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CPHFW SS24 collections

Copenhagen this year's World Capital of Architecture rocks when it comes to fashion too. The Scandinavian aesthetics meets rock 'n' roll in a variety of edgy styles and innovative proposals by the brands from the very first day, from brands like 7 Days Active to Marimekko and Baum und Pferdgarten and many more.


Established in the Spring of 2019, 7 Days Active is an fashion & sportswear label dedicated to inspiring motion for the mind, body, and soul.

SPRING/SUMMER 2024 by 7 Days Active. (All images: James Cochrane© , unless otherwise stated.)

From its home in Copenhagen, 7 Days Active propels the agile and sporty mindset by providing functional and fashionable pieces, easily adapting to an active lifestyle across all arenas.

7 Days Active, believe in taking the right choices in everything we do! Product, People, Prosperity and Planet should all be respected equally and preferably be adding value in the world instead of using unnecessary resources. This goes for their collections, employees as well as their suppliers - and they strive to make a positive impact in all communities which they meet on their Journey.

Marimekko marks six decades of Unikko print

The Finnish marque Marimekko showcased their Spring/Summer 2024 collection at the gardens of the Danish Design Museum, marking the 60th anniversary of its most recognizable and well-known print design, Unikko. "The print is celebrated in the Spring/Summer 2024 collection in more ways than ever, including scale, placement, coloring, and techniques. We wanted to reflect Marimekko’s design legacy by highlighting two equally meaningful design aspects of Marimekko – the dress as a canvas and bold patterns bringing joy to people's everyday life.”, says Rebekka Bay, Creative Director at Marimekko.

In order to highlight its distinct position at the nexus of fashion, design, art, and culture, Marimekko decided to present its collection while live music was playing right in the center of the Danish institution. An open-to-all format was used to exhibit the collection. For more than 30 years, Marimekko has organized an annual, open-to-the-public fashion show in its hometown of Helsinki. Now that Copenhagen was included, the notion has expanded. Huge Unikko blossoms in their original, 1960s-inspired hues were displayed on the catwalk.

Marimekko’s Spring/Summer 2024 collection merges feminine minimalism with modern utilitarian workwear, both equally representative of the rich design heritage of the brand. The robust material qualities of washed canvas and heavy cotton-twill meet with crisp colorful poplin in printed dresses and effortless summer layering styles. The seasonal palette creates a playful meeting point of opposite hues in the spectrum: Neutral tones of Dijon brown, ash grey, endive and antique white meet invigorating fuchsia, prism pink, tangerine, chlorophyll green and sodalite.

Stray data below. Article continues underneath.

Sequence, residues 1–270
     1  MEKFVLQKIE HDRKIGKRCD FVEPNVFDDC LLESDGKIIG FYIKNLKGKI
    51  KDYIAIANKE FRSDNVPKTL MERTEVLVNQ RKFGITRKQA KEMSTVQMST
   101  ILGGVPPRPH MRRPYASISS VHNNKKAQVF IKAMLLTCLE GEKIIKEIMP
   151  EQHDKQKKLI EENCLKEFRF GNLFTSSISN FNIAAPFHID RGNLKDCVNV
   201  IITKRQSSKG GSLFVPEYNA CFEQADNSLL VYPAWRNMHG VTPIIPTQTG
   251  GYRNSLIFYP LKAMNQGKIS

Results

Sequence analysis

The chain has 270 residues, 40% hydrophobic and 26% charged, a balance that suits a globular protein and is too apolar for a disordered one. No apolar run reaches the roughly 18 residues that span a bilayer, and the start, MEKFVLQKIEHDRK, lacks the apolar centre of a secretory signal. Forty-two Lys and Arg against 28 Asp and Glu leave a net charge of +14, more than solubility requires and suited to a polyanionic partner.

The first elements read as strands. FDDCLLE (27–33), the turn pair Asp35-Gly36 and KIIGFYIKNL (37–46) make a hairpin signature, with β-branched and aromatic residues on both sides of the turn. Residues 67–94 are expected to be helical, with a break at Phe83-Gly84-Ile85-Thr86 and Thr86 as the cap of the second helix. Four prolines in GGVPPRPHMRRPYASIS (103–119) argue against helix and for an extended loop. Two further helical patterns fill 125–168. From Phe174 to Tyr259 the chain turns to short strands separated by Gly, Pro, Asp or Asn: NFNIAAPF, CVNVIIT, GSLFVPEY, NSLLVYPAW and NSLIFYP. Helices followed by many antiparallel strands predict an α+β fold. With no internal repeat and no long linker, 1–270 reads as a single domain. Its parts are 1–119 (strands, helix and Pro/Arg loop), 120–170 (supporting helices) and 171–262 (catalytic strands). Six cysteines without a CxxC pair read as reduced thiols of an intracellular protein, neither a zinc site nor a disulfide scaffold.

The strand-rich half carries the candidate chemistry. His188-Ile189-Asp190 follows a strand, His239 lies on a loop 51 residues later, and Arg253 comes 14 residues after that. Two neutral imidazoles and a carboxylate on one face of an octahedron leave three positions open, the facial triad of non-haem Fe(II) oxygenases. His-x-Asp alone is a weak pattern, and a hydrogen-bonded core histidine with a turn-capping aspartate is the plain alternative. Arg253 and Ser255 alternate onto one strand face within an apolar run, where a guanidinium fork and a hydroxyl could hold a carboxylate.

Henrik Vibskov

Since graduating from Central St Martin's in 2001, Henrik Vibskov has produced more than 40 fashion collections and exhibited in several international design fairs, festivals and museums all over the world, including MoMA in New York, the Palais de Tokyo in Paris, The 21st Century Museum of Contemporary Art in Kanazawa and the ICA in London, to name a few.

Vibskov collaborated with jewelry designer Vibe Harslf to produce silver accessories and showpieces for this season. The entirely handcrafted items include headpieces with comical birds around the removed head and silver birds as pendant earrings, necklaces, and nose pieces.

All fabrics have been upgraded to be recycled or organic within their means. Henrik Vibskov aims to raise this percentage for the upcoming seasons. For the SS24 Studio collection, 83% of our clothing is made from certified textiles. GOTS Organic, GOTS Made with Organic, GRS Global Recycled Standard, and nontoxic dyes and prints are among the certifications.

TG Botanical Spring-Summer 2024

Tetyana Chumak, the brand's designer, finds beauty in nature's periodic destruction cycles. The chaotically sewn pieces with elastic thread that make up the bulk of the TG Botanical SS24 collection, in the designer's opinion, evoke the surface of the Earth and corroded metal. Each garment gains an organic sense from the distressed look, strengthening its femininity and anchored in the body architecture of a woman. Stitched styles have a fluidity that gives the impression that they "live" on the body and are integrated into it. Traditionally, the designer's choice of materials reflects their strong connection to nature.

This season Tetyana Chumak uses certified batiste, cottons, silks, organic nettle and linens for kinetic skirts, cargo trousers, daring tops and dresses. For the very first time the brand introduces accessories to the collection, which are made of an old nettle cloth, sourced from local artisans. Nettle mules and mini-bag are produced in limited quantities. The color scheme of the collection is earthy with bright brushes of ocher and cyan blue. The latter is brought to the collection with the old technique of cyanotype, which allows to reach the specific shade of blue as seen in this collection.